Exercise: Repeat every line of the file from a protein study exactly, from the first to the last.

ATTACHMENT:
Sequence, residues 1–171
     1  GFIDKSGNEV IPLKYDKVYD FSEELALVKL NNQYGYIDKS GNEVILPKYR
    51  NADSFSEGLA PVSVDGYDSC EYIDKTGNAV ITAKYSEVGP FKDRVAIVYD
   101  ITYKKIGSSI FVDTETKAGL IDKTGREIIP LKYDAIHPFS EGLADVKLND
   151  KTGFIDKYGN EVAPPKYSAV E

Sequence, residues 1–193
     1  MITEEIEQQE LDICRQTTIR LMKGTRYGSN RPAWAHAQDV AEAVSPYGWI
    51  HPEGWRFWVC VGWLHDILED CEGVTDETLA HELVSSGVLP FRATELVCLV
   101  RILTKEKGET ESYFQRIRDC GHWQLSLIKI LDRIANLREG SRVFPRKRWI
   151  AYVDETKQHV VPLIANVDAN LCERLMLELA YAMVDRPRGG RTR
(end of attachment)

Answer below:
Sequence, residues 1–171
     1  GFIDKSGNEV IPLKYDKVYD FSEELALVKL NNQYGYIDKS GNEVILPKYR
    51  NADSFSEGLA PVSVDGYDSC EYIDKTGNAV ITAKYSEVGP FKDRVAIVYD
   101  ITYKKIGSSI FVDTETKAGL IDKTGREIIP LKYDAIHPFS EGLADVKLND
   151  KTGFIDKYGN EVAPPKYSAV E

Sequence, residues 1–193
     1  MITEEIEQQE LDICRQTTIR LMKGTRYGSN RPAWAHAQDV AEAVSPYGWI
    51  HPEGWRFWVC VGWLHDILED CEGVTDETLA HELVSSGVLP FRATELVCLV
   101  RILTKEKGET ESYFQRIRDC GHWQLSLIKI LDRIANLREG SRVFPRKRWI
   151  AYVDETKQHV VPLIANVDAN LCERLMLELA YAMVDRPRGG RTR